Korea & Her Neighbours/Chapter III
BEFORE leaving England letters from Korea had warned me of the difficulty of travelling in the interior, of getting a trustworthy servant, and above all, a trustworthy interpreter. Weeks passed by, and though Bishop Corfe and others exerted themselves on my behalf, these essential requisites were not forthcoming, for to find a reliable English-speaking Korean is well-nigh impossible. There are English-speaking Koreans who have learned English, some in the Government School, and others in the Methodist Episcopal School, and many of these I interviewed. The English of all was infirm, and they were all limp and timid, a set of poor creatures. Some of them seemed very anxious to go with me, and were partially engaged, and the next day came, looking uneasy, and balanc- ing themselves on the edge of their chairs, told me that their mothers said they must not go because there were tigers, or that three months was too long a journey, or that they could not go so far from their families, etc. At last a young man came who really spoke passable English, but on entering the room with a familiar nod, he threw himself down in an easy- chair, swinging his leg over the arm ! He asked many ques- tions about the journey, said it was very long to be away from Seoul, and that he should require one horse for his baggage and another for himself. I remarked that, in order to get through the difficulties of the journey, it would be necessary to limit the baggage as much as possible. He said he could not go with fewer than nine suits of clothes ! I remarked that a foreigner would only take two, and that I should reduce myself to two. *' Yes," he replied, '* but foreigners are so dirty in their habits.*' This from a Korean ! So once more I had to settle down, and accept the kindly hospitality of my friends, trusting that something would '^ turn up."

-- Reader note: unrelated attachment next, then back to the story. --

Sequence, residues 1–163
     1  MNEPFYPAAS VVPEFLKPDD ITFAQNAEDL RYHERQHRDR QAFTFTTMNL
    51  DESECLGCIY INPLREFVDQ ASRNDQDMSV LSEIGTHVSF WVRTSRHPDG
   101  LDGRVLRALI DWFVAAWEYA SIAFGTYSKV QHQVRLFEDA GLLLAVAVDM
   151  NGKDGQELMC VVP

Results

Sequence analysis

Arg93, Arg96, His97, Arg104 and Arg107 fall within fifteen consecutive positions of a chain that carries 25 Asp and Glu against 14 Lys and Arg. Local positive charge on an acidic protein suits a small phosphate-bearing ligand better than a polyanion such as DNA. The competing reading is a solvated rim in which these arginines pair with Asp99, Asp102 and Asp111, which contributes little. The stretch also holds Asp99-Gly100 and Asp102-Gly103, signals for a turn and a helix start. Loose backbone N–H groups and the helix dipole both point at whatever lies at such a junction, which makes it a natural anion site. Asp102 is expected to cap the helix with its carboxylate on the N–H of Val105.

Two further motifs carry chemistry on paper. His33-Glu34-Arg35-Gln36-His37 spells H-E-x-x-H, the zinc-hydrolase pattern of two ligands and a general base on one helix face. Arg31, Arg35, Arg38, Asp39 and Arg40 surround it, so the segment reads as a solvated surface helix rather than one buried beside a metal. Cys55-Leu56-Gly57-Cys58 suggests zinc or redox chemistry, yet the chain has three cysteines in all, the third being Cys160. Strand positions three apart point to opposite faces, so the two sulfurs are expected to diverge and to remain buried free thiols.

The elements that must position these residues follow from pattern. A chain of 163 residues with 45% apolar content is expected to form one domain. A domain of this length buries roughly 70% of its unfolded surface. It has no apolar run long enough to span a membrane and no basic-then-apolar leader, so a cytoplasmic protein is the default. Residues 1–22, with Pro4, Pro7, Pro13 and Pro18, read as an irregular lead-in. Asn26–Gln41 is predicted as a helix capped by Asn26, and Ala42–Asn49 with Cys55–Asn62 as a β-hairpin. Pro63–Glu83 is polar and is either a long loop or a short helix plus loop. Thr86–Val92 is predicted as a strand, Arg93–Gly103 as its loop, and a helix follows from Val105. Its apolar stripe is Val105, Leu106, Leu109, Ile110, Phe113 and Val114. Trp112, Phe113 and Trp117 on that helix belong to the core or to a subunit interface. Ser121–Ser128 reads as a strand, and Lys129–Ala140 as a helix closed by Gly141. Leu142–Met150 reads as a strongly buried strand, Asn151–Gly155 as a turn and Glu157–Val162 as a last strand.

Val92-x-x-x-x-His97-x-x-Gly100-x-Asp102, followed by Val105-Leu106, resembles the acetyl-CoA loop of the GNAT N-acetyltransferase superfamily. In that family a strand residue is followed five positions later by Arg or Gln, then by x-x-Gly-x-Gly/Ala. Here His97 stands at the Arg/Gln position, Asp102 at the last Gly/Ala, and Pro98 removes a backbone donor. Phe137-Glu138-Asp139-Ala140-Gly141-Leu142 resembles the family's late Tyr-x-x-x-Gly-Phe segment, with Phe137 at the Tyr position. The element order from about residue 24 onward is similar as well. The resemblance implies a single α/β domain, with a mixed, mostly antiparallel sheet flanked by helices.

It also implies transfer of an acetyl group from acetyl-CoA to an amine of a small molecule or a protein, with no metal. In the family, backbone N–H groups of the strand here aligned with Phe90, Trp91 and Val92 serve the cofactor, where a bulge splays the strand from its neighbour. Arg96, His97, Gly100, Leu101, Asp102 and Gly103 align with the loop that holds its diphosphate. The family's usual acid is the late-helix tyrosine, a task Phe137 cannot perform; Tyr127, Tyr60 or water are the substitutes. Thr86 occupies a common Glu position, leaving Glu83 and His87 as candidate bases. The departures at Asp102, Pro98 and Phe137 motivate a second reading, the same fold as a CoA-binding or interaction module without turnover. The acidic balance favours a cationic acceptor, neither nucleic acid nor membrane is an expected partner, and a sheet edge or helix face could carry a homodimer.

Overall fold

By this delay I came in for the Kur-dong^^ one of the most remarkable spectacles I ever saw, and it had the added interest of being seen in its splendor for probably the last time, as circumstances which have since occurred, and the necessity for economy, must put an end to much of the scenic display. The occasion was a visit of the King in state to sacrifice in one of the ancestral temples of his dynasty, members of which have occupied the Korean throne for five centuries. Living secluded in his palace, guarded by i,ooo men, his subjects forbidden to pronounce his name, which indeed is seldom known, in total ignorance of any other aspect of his kingdom and capital than that furnished by the two streets through which he passes to offer sacrifice, the days on which he per- forms this pious act offer to his subjects their sole opportuni- ties of gazing on his august countenance. As the Queen's procession passed by on the day of the Duke of York's mar- riage, I heard a workingman say, *'It's we as pays, and we likes to get the valey for our money." The Korean pays in another and heavier sense, and as in tens of thousands he crowds in reverential silence the route of the Kur-dong, he is probably glad that the one brilliant spectacle of the year should be as splendid as possible.
The monotony of Seoul is something remarkable. Brown mountains "picked out" in black, brown mud walls, brown roofs, brown roadways, whether mud or dust, while humanity is in black and white. Always the same bundled-up women clutching their green coats under their eyes, always the samie surge of yang-bajts and their familiars swinging along South
> If an apology be necessary for the following minute description of this unique ceremonial, I offer it on the ground that it was probably the last of its kind, and that full details of it have not been given before.
The Kur-dong Street, the same strings of squealing ponies spoiling for a fight," the same processions of majestic red bulls under tower- ing loads of brushwood, the same coolies in dirty white, for- ever carrying burdens, the same joyless dirty children getting through life on the gutters' edge, and the same brownish dogs, feebly wrangling over offal. On such monotony and color- lessness, the Kur-dong bursts like the sun. Alas for this mean but fascinating capital, that the most recent steps towards civilization should involve the abolition of its one spectacle !